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Rachel's writing and research and Regency History blog summary
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Rachel's month


August seems such a long time ago! My month sped by with lots of visitors – the result, I guess, of having a large family and living by the seaside. We went to London for a bloggers’ event at Buckingham Palace showcasing their current exhibition, A Royal Welcome. The most exciting aspect of the tour was that, for the first time, we were allowed to take photographs of some of the State Rooms in the palace. I shared some of these photos in my blog about the exhibition, but I have kept back some to illustrate a blog about Buckingham Palace itself, when I finally get round to writing the blog that goes with it! Our visits this month included Twinings tea shop, Dr Johnson’s House Museum, A la Ronde, Stratfield Saye - home of the Duke of Wellington - and Goodwood House - home of the Duke of Richmond.

I am delighted to announce a giveaway of A Perfect Match on Goodreads – if you haven’t read it yet, why not enter for a chance to win a free copy?
 

Rachel 
Willett's camera obscura at the Jane Austen Festival 2015

What is a camera obscura?

by Rachel Knowles
 
Walking around the Parade Gardens in Bath at the end of the Jane Austen Festival promenade last weekend, I noticed a small tent advertising itself as a camera obscura. I knew that these were popular entertainments in the Regency period, but I wasn’t exactly sure what they were and so I was eager to investigate.

We were ushered into a darkened tent, with the only light coming in through a hole in the top. We were able to see moving images of the outside world being projected onto a white surface in the middle of the tent. I am not at all technically minded, but I understand that this was achieved by using mirrors and lenses to focus and direct the light. By turning a wheel, we could rotate the mechanism to give a different view and even follow people around the gardens. There were also smaller white board circles which could be lifted up to help bring different objects into focus.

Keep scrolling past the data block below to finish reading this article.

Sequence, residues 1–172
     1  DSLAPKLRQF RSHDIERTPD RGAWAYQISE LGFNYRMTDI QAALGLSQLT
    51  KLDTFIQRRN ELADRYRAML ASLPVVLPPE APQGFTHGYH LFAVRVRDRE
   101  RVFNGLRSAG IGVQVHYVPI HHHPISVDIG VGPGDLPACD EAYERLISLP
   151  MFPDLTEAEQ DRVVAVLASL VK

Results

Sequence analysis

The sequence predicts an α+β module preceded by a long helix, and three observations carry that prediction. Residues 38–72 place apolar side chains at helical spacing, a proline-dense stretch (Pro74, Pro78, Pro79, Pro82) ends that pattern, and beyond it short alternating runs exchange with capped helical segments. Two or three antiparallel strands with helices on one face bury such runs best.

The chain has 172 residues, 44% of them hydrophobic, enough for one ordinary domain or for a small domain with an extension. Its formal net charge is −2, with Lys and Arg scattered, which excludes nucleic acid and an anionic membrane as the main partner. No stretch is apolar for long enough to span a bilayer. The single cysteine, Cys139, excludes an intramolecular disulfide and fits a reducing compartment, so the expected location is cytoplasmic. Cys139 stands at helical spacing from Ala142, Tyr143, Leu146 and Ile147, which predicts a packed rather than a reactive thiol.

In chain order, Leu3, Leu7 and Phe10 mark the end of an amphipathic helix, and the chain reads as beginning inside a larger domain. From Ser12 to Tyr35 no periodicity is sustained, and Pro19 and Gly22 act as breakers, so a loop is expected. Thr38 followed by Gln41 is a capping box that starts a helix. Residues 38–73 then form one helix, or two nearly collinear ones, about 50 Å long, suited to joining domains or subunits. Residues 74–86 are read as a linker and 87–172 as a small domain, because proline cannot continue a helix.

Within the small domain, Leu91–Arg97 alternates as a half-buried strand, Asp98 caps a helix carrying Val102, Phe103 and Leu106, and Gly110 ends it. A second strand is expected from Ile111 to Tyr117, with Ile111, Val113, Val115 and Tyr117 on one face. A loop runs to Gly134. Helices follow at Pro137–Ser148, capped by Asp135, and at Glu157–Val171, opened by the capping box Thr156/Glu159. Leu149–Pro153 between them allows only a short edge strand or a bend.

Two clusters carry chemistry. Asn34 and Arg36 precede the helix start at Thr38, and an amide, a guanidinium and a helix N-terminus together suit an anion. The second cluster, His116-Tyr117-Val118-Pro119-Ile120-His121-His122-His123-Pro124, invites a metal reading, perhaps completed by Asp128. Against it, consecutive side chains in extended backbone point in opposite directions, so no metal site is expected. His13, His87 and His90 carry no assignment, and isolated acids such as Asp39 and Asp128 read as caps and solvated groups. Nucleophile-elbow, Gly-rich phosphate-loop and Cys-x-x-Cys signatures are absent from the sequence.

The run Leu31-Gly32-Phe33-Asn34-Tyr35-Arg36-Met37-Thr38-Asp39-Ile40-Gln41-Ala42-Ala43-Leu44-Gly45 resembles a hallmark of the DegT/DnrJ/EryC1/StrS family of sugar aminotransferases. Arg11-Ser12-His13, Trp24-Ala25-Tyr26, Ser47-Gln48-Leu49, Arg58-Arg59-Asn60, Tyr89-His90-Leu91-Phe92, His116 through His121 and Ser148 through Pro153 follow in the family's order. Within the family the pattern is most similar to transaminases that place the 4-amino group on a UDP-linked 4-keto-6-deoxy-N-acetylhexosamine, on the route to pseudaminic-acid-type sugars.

I have since discovered that artists like Canaletto and Sir Joshua Reynolds used a small box-like camera obscura to help them paint, whilst larger camera obscuras like the tent in the park thrived at the seaside and other places with great views.

There is a reference to a camera obscura in a guidebook to Weymouth published around 1800 and I am delighted to think that I now have a better idea of what it might have been like.

All photographs © Andrew Knowles
Links to my August posts:
A Royal Welcome at Buckingham Palace collage
Front cover of A Social History of Tea by Jane Pettigrew
Front cover of A Perfect Match by Rachel Knowles
Reclaim Time historical fiction competition banner
A collage of travelling chariots
Goodwood House
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Copyright © 2015 Rachel Knowles, All rights reserved.


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